The South Florida baseball team unexpectedly made a run at the Big East tournament semifinals by sweeping Notre Dame in one of the most dramatic four-game series USF has experienced.
Junior shortstop Addison Maruszak was a big part of the Bulls’ late-season success, hitting more than .400 for the Notre Dame series. He finished the season with a .364 average and 32 RBIs.
Maruszak – who plans to enter the 2008 Major League Baseball amateur draft in June – isn’t the kind of player who dodges a ball coming his way: He was hit by a team-high 20 pitches during the season.
Maruszak didn’t dodge any questions, either, as he sat down with the Oracle and talked about everything from his year with the team to steroid use.
Oracle: Which major league team would you like to be drafted by?Maruszak: I want to sign with a team this year, whichever drafts me first. I don’t really have a team preference, but it would be awesome to play for the New York Yankees. It would also be nice to be drafted by the Oakland A’s or the Florida Marlins, two teams that promote minor leaguers pretty fast.
O: What are your thoughts on steroid use in baseball?M: I’m sure some people have done it. When I played summer baseball (in 2007 for the Bourne Braves), I heard that three players on the team had been caught using. When someone has great success, they are going to be accused of something like that. (Players like) Roger Clemens have had their reputations ruined because of it, but if it turns out that they didn’t do (steroids), there is no way to fix the damage that has already been done. I’m surprised (Curt) Schilling, a veteran pitcher, hasn’t been accused of taking steroids.
O: What about steroid use in college baseball particularly?M: We have a great strength coach here at USF and it has never crossed our minds to ever use performance-enhancing drugs. I couldn’t give you a percentage of college players that do it – it’s probably small – but I’m sure that some college players are looking for that edge and only end up hurting themselves in the long run.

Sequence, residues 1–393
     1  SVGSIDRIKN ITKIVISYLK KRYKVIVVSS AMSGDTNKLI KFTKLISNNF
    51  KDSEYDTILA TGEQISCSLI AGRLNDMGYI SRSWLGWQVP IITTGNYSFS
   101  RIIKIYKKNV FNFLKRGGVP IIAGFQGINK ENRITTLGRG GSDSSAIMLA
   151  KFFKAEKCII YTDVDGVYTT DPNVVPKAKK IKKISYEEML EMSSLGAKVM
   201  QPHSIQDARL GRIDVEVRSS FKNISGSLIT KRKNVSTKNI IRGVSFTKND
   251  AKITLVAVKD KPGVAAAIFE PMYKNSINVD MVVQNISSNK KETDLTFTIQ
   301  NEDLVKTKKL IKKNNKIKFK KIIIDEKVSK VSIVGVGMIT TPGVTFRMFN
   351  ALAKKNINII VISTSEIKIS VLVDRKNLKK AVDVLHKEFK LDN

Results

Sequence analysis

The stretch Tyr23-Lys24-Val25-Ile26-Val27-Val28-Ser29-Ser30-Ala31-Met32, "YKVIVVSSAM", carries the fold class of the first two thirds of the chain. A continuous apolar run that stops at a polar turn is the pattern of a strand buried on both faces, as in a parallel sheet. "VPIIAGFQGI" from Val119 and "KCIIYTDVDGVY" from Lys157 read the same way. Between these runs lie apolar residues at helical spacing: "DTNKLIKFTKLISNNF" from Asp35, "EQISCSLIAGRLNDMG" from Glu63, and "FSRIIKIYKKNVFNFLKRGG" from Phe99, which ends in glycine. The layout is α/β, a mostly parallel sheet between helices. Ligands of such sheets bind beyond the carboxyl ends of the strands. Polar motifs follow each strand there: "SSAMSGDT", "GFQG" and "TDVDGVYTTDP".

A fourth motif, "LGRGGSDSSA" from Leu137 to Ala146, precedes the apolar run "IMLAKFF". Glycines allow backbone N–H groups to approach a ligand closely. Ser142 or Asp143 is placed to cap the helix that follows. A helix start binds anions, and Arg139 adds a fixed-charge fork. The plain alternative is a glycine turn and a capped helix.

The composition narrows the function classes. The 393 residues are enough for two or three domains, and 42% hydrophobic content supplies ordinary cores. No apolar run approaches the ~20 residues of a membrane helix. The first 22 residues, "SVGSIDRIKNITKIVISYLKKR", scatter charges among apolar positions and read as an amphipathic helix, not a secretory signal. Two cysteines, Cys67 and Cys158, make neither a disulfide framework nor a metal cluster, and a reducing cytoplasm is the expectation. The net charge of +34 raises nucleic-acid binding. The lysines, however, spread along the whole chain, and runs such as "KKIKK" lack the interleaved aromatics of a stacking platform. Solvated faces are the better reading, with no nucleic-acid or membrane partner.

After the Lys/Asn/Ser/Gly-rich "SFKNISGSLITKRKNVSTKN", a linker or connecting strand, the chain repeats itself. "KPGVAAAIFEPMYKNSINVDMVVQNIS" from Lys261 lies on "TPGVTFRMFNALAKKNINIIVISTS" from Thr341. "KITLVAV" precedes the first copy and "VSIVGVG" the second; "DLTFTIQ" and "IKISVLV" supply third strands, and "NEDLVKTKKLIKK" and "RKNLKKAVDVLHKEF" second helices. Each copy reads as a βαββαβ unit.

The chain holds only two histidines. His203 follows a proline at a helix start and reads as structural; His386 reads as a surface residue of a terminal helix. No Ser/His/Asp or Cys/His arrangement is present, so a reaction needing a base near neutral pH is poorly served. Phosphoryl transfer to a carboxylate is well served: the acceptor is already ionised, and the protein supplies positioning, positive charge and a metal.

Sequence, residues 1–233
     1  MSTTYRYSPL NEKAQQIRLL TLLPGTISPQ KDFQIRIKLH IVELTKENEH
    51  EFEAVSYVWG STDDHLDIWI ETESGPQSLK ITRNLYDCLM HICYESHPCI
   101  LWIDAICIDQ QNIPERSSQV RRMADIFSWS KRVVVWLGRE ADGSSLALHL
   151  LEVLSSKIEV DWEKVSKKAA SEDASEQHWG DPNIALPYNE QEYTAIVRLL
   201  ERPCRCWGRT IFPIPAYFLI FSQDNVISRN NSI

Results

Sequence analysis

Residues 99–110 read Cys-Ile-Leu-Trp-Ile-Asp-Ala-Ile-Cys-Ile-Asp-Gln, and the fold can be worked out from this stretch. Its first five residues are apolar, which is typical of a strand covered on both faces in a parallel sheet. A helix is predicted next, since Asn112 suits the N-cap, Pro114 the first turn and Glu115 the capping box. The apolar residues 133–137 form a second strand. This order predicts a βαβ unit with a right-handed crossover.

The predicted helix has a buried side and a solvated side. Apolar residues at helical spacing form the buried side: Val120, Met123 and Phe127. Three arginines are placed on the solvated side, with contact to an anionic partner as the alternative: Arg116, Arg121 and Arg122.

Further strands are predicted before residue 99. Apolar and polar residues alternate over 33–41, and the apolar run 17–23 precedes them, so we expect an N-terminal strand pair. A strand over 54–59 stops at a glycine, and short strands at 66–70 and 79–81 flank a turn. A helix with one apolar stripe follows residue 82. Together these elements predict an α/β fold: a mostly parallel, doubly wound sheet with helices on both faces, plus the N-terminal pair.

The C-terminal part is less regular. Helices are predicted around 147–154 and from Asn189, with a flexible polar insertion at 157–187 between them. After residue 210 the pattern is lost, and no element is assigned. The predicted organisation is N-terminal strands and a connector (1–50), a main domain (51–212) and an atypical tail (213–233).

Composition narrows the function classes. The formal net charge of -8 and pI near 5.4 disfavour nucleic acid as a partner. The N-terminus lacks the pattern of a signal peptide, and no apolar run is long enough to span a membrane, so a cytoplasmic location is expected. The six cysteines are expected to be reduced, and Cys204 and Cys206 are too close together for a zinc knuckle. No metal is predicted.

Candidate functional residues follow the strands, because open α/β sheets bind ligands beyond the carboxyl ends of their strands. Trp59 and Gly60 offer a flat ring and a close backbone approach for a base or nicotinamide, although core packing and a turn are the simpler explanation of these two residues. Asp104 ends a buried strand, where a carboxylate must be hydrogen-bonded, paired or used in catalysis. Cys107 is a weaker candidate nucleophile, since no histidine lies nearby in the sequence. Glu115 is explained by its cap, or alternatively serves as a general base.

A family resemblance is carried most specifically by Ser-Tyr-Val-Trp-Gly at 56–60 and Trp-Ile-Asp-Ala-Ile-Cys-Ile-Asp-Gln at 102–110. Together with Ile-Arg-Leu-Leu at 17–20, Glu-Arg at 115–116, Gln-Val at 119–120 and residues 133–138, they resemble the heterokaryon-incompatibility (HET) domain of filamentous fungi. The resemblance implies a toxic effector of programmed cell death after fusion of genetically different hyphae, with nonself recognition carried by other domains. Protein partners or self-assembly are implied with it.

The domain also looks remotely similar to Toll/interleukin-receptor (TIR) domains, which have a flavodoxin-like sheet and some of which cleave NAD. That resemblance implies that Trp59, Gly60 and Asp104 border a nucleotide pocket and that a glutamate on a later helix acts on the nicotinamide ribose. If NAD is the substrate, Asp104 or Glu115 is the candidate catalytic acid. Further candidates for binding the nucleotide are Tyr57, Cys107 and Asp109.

O: How tough is baseball’s day-to-day grind?M: Baseball is more mental than physical. Hitting a baseball is one of the hardest things to do in sports. If you are the most talented player on your team but not mentally strong, you are not going to succeed day in and day out.
O: You have played every position in the infield. Which one do you prefer?M: I played shortstop my whole life, but during the past summer I played third base and started preferring it. When I came back, the coaches put me at shortstop and I started loving it again. It’s almost like second nature to me. As a shortstop, my responsibility is to relay signs to the defense and control the pitchers with looks and picks. The shortstop also usually has a kind of priority over the rest of the defense. Positioning is very important at shortstop since I get most of the ground balls, and the coaches I have had have helped me a lot with that and made me a better player.
O: How important has it been for you to have your girlfriend and your family by your side this season?M: My girlfriend has been great for me. We have been going out for two years now, and she has been there for me during both the good times and the bad times. She allows me to keep my focus on baseball when other players have their heads elsewhere. When we first met she would be the only one soft-tossing with me when the rest of the team was gone late after practice.
My mentor, Tony Ferreira, a former major league player who won two World Series with the Royals and the Mets, has also been a big influence for me as a player and as a person. He has been like a second father to me and we still keep in touch. I send him USF jerseys and he calls me after every game. Thanks to him, I improved my velocity across the infield from 65 mph in my freshman year to about 95 mph now. I never thought of being a pitcher, but maybe I should someday – I think I have a good arm.